17.3 Earnings per share in Egyptian pounds
14.4 Earnings per share in Egyptian pounds
44.1 The book value of the share in Egyptian pounds

Then we calculate the financial ratios, and we get the following ratios:

The financial ratios of the company ………………… for the year 2005
54.7% Gross Profit Margin
36.4% net profit margin
40.6% Return On Equity (ROE)
18.2% Return On Assets (ROA)
2.14 Inventory Turnover
5.26 Accounts Receivable Turnover
0.5 Total Assets Turnover
1.17 Current Ratio
0.95 Quick Ratio
0.58 Debt Ratio
137.4% Debt to Equity Ratio
11.4% dividend rate per share Dividend Yield
83.3% payout ratio
7.3 Price to Earning Ratio
2.9 The ratio of market price to book value

different analysis methods
When the doctor evaluates the condition of a patient, he begins by estimating whether this person is actually sick or not, then compares the results of the patient’s analyzes with the results of his ilk, i.e. the usual numbers for a normal person and the usual numbers for those of his age, and he may also be asked to perform analyzes at intervals in order to see if Was his condition improving or not? This is what we can do to evaluate the performance of companies using the financial statements and the ratios derived from them.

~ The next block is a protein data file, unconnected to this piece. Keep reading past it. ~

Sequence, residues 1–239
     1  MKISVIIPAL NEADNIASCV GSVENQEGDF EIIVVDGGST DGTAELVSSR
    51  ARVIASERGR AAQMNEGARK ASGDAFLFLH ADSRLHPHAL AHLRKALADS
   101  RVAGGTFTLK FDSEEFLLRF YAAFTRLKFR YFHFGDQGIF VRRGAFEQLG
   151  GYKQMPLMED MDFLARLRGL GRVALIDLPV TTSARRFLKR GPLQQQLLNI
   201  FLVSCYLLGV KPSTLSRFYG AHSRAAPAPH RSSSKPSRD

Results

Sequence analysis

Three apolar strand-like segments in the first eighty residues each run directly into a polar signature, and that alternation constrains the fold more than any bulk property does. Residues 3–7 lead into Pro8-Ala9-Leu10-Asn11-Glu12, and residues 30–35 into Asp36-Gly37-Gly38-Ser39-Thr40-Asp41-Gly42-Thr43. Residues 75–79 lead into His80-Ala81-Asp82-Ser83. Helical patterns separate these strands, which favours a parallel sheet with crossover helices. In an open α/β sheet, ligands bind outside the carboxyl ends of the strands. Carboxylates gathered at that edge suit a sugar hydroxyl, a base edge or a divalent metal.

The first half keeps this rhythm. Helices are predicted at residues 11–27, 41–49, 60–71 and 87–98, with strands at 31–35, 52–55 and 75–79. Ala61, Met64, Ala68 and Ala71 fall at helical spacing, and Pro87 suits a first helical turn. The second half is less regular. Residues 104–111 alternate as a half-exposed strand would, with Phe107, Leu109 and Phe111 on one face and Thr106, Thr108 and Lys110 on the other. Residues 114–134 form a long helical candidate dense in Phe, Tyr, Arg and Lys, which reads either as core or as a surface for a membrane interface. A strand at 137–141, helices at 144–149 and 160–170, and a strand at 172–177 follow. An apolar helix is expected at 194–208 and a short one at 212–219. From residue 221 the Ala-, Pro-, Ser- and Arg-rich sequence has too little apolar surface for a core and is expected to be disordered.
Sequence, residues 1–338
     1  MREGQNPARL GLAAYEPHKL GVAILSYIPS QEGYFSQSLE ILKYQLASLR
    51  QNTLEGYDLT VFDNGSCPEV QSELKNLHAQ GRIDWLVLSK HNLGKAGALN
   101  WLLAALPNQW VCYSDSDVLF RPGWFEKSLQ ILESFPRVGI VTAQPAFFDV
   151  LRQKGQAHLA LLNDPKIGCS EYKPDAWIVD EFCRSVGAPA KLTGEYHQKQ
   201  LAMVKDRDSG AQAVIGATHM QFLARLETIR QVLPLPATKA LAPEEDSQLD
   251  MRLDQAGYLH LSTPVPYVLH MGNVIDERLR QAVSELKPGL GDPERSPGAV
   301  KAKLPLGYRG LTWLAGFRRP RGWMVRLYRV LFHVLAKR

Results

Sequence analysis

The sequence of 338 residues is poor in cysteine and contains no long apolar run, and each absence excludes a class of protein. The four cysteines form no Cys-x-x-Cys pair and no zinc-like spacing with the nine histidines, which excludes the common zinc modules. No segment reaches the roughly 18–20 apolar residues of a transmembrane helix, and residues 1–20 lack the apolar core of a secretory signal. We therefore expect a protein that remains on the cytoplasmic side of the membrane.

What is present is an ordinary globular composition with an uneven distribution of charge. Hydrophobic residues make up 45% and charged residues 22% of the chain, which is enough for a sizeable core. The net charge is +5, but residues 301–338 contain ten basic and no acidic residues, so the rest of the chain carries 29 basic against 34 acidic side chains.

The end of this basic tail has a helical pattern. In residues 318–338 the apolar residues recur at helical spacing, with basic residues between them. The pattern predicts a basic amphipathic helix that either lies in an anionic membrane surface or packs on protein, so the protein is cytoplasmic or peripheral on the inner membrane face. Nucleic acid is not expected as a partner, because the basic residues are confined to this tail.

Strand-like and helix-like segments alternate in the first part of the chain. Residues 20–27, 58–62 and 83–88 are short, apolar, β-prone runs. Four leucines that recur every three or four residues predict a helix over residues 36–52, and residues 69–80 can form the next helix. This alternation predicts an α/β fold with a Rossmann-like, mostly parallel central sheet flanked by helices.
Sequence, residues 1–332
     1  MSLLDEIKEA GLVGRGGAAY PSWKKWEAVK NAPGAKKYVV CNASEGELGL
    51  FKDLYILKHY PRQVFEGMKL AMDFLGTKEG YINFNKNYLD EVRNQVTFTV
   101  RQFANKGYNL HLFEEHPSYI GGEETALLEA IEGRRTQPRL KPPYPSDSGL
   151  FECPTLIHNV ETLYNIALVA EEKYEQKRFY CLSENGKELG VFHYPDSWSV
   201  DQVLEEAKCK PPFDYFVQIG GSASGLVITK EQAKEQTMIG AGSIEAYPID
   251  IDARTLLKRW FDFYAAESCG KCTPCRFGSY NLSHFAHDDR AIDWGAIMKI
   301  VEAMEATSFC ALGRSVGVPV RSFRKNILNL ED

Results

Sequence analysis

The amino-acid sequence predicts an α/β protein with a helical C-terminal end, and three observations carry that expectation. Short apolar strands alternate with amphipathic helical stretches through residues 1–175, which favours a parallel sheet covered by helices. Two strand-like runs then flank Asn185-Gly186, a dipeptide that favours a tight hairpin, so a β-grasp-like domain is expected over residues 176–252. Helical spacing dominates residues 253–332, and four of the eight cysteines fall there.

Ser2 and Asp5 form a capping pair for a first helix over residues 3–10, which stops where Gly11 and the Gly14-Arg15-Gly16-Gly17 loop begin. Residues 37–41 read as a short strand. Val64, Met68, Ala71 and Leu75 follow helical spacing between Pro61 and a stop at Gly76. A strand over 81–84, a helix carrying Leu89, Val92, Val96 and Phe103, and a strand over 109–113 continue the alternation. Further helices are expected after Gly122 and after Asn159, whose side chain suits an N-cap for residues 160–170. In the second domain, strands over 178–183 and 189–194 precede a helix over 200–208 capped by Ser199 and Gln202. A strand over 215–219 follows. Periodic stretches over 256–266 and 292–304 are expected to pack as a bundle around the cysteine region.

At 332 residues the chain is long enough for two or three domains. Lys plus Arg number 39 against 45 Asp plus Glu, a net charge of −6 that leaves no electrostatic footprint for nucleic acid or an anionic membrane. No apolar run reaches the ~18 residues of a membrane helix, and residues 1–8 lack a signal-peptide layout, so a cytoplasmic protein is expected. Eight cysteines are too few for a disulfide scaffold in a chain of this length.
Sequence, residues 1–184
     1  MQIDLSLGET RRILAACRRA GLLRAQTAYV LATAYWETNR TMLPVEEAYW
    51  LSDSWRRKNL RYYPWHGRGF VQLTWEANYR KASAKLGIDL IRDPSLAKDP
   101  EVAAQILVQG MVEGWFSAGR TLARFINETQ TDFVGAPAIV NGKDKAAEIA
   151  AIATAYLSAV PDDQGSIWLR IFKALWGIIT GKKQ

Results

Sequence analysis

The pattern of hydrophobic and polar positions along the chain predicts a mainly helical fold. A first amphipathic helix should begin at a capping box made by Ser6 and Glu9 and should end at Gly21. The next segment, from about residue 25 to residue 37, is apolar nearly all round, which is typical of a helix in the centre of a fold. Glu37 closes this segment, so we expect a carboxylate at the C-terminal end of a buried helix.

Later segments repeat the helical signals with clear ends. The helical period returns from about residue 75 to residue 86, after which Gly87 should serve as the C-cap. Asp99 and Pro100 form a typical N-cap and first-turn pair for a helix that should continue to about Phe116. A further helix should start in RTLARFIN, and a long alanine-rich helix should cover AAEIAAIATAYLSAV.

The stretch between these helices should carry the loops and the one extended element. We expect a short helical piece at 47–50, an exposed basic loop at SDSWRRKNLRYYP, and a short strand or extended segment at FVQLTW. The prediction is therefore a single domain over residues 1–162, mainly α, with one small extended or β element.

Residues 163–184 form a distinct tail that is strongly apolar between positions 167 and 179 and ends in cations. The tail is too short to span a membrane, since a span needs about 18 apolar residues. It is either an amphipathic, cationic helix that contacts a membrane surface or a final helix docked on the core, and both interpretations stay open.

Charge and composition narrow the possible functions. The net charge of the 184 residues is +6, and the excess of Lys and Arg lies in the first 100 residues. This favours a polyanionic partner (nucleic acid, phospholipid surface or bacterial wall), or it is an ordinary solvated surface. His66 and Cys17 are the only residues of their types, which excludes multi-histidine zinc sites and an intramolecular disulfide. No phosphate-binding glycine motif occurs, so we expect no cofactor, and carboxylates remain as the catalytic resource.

A- Absolute Analysis:

This analysis means evaluating the company’s current performance. If the company is making losses, then this is a bad indicator. If the value of current liabilities exceeds current assets, then this is a bad indicator. If the return on investment is less than the bank’s return, then this is a very bad indicator, and so on.
Example: Look at these numbers and financial ratios and try to deduce information about the company’s performance
The total profit is one million pounds
Net profit million pounds
The rate of return on equity is 2%.
The share price-to-earnings coefficient 5
Rapid turnover rate of 0.4
What do we conclude from these numbers?
It is clear that the company achieved profits this year, but many numbers and ratios do not bode well. The rate of return on shareholders’ equity is very low, the rate of rapid trading indicates a lack of liquidity, and the coefficient of the share price to its profitability shows the fear of investors in the capital market about the future of this company.
This analysis gives us a simplified idea of the company’s performance, but it does not take into account the evolution of the company’s performance over time, its performance compared to competitors, and the effect of the nature of the activity on some financial ratios.

b- Historical analysis

This method means analyzing the development or deterioration of the company’s performance over time. For example, if profits increase with time, this is a good indicator, and vice versa. The company may achieve high profits, but it is much less than last year, or the return on equity is high, but it is less than last year, or vice versa. Analyzing the numbers and financial ratios of the same company for several consecutive years enables us to know whether this company is improving or declining.